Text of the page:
74-Year Old's American Airlines Ordeal

Nobody told 74-year-old Mrs. Reynolds her American Airlines flight was canceled until she was on-board the wrong one. Her tale of sprinting, being stranded, and customer service failure, inside…

This is the letter she wrote American Airlines:

To Whom It May Concern:

I wish to voice my displeasure concerning my flight from Springfield, IL. to Chicago, IL., then continuing on to Atlanta, Ga., on February 11, 2009.

After receiving my boarding passes for my entire trip, I put them in my purse. We were all (those in the terminal) fascinated with the huge plane taxing along the fence with President Obama’s wide body plane with his limousines, etc. I did not review my boarding passes. This is only my second flight trip so I was not experienced enough to know the airline horror stories and check my passes.

Five minutes after we boarded the plane, my home phone was receiving a message. I live 45 minutes from the airport; my husband had not reached home from dropping me off yet. The call informed me my flight “4444” to Atlanta the same day had been cancelled. For some reason the Springfield airport didn’t inform me. My ticket was dated the next day, Feb. 12th. They had no intention of sending me on to Atlanta, Ga. the 11th. Had I known this, I would have rescheduled and stayed home. Never on the flight did they announce the next gate for me. Every other town for passengers on board was announced. I asked my other seat companion where I could find any answers. He said, “Just at the end of the tunnel, there should be an agent.” I did find the desk but there was no one there. None of the nearby desks were occupied either. I walked quite awhile and finally found another employee. She didn’t need to check her computer she knew that flight “4444” had been cancelled. She told me to go to G4. Several people were at the desk. While I was waiting in line I tired to catch my family who was driving 2 ½ hours from South Carolina to pick me up in Atlanta. After talking to my husband about the late message on our home phone I was able to get to a “red” phone to get another flight. I went back to the desk and was told they were not expecting me until tomorrow. She showed me the date on the boarding pass and it did indeed say Feb. 12th. She told me I would need lodging and it would be discounted but not paid for. I did get reservations but no food allowance. My husband and I were not expecting the additional $71.00 for a room or the $17.00 sandwich cost. I had no luggage, no toothbrush, and no clothes with me. I walked in the pouring rain to a shuttle bus stop drenched and waited for a bus. I slept about 90 minutes that night. I woke at 1:00 a.m. to realize the person at the desk took my remaining boarding passes and issued new ones. I didn’t realize this until I got back to the airport at 4:00 a.m. on the 12th. Security lines were not open yet so after 60 minutes in security I check the screens one more time to see if “2441” was on time and to verify my gate. I found gate K19 but it was dark and no one was there. I sat down and waited when it became obvious no one else was waiting for this flight. Finally I found someone several gates back down the concourse that told me there’s been a gate change. At 74 years old, I started running to gate L4. It was not close. I got there to see everyone had boarded. I was near tears and out of breath as I walked down the tunnel. It’s a miracle I didn’t miss THAT flight.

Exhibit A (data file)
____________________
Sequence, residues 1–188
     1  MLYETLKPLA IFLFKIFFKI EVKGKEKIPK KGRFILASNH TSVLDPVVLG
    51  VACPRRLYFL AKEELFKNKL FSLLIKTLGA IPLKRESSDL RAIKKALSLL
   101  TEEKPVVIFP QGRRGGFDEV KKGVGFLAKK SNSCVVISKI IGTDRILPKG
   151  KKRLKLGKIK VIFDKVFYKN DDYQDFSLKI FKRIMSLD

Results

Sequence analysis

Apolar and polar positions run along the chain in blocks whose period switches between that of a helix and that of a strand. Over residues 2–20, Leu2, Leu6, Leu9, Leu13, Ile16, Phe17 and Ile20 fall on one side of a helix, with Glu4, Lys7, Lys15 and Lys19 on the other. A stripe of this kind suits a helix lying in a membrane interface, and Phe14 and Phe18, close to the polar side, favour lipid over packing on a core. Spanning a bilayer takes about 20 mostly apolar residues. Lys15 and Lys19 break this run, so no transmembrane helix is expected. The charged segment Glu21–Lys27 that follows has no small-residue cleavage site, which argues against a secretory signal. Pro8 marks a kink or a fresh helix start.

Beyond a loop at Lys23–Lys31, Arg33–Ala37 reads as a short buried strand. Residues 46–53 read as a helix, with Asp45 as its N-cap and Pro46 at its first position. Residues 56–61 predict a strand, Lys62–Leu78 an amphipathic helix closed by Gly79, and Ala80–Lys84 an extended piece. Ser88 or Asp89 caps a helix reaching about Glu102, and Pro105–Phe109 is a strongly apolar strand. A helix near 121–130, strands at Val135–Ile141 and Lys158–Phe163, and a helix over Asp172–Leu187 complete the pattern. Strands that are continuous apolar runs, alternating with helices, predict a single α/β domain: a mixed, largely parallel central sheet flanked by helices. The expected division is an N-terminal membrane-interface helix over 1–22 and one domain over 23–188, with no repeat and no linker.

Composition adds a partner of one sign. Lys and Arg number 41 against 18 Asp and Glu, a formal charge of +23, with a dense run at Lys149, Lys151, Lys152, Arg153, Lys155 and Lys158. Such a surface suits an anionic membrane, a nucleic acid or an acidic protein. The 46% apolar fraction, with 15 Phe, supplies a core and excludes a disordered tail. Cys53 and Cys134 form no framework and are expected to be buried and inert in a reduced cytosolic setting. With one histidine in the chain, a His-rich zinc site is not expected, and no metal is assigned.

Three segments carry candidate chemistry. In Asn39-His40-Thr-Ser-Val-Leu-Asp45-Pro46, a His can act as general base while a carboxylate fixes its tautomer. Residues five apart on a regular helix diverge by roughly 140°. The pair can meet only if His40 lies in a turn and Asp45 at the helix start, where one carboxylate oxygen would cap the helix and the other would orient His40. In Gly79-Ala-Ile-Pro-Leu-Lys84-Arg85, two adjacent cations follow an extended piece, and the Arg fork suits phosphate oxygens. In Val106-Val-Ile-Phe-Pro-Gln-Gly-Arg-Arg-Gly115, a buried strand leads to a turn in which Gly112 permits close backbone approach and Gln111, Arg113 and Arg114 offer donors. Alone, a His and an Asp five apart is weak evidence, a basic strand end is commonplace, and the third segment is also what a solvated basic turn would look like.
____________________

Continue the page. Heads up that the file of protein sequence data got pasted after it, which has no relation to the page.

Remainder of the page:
After arriving in Atlanta, my sister had to drive back again to get me. I found my luggage which had come in the night before. They couldn’t get me there but at least my suitcase made it.

Will you please tell me why I was shuffled around so much and then told American Airlines was not responsible? They deliberately sent me on to Chicago knowing I was not continuing on to Atlanta. I also expect to be reimbursed for my room at the Sheraton Gateway Suites (receipt enclosed). I will also be sending a copy of this to the Better Business Bureau and the Consumerist.

Lord Failure, meet thy progeny, American Airlines.

(Photo: joyosity)